The authors describe their pilot, randomized controlled trial to evaluate the feasibility and effectiveness of Risk Reduction through Family Therapy at reducing the substance-use risk and trauma-related mental health problems among adolescents who have experienced sexual assault; they present their research methodology, outcomes, and a discussion of implications.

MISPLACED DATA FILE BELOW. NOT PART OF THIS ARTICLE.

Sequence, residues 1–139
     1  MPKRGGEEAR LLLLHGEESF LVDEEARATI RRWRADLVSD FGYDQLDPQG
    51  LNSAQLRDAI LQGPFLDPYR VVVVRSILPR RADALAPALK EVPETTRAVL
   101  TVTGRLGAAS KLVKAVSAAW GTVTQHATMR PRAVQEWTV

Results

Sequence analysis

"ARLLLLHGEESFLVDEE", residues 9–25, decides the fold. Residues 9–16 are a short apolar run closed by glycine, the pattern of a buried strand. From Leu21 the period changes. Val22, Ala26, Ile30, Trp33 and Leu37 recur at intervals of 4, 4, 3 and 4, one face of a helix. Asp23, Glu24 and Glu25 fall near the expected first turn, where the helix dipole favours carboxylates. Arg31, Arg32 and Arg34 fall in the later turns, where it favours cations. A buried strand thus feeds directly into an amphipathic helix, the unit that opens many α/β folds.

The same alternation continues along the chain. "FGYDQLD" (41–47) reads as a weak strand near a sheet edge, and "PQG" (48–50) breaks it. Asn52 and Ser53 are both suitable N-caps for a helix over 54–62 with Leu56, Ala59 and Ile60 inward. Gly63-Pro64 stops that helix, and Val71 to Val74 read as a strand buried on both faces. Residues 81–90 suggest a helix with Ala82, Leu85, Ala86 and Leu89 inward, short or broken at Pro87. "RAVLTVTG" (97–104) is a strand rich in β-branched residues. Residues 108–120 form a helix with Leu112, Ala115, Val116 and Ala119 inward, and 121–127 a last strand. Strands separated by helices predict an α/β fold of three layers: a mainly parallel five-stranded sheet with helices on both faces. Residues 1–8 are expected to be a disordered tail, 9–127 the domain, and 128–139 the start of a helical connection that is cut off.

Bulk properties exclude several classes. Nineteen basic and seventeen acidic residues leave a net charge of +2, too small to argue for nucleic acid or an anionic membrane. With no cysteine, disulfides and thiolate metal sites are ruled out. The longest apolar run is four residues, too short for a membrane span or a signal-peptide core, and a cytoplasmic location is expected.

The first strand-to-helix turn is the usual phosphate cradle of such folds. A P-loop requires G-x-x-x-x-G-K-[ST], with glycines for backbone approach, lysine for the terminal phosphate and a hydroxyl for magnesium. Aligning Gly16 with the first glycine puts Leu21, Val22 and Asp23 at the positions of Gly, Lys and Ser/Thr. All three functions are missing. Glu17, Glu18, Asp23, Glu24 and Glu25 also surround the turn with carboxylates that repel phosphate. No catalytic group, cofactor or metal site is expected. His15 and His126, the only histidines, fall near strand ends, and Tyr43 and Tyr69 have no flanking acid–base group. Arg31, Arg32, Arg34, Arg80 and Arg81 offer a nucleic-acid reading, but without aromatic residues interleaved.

This article reports the results from a pilot, randomized controlled trial that evaluated the feasibility and efficacy of Risk Reduction through Family Therapy (RRFT) for reducing substance-use risk and trauma-related mental health problems among sexually assaulted adolescents. Thirty adolescents who had experienced at least one sexual assault, and their caregivers were randomized to RRFT or treatment as usual (TAU) conditions. Participants completed measures of substance use, substance use risk factors (e.g., family functioning), mental health problems (i.e., post-traumatic stress disorder, depression, and general internalizing/externalizing symptoms) and risky sexual behavior at four time-points: baseline, post-treatment, and three- and six-month follow-up. Mixed-effects regression models yielded significantly greater reductions in substance use, specific substance use risk factors, and (parent-reported) PTSD, depression, and general internalizing symptoms among youth in the RRFT condition relative to youth in the TAU condition. However, significant baseline differences in functioning between the two conditions warrant caution in interpreting between-groups findings. Instead, emphasis is placed on replication of feasibility findings and within-group improvements over time among the RRFT youth. Publisher Abstract Provided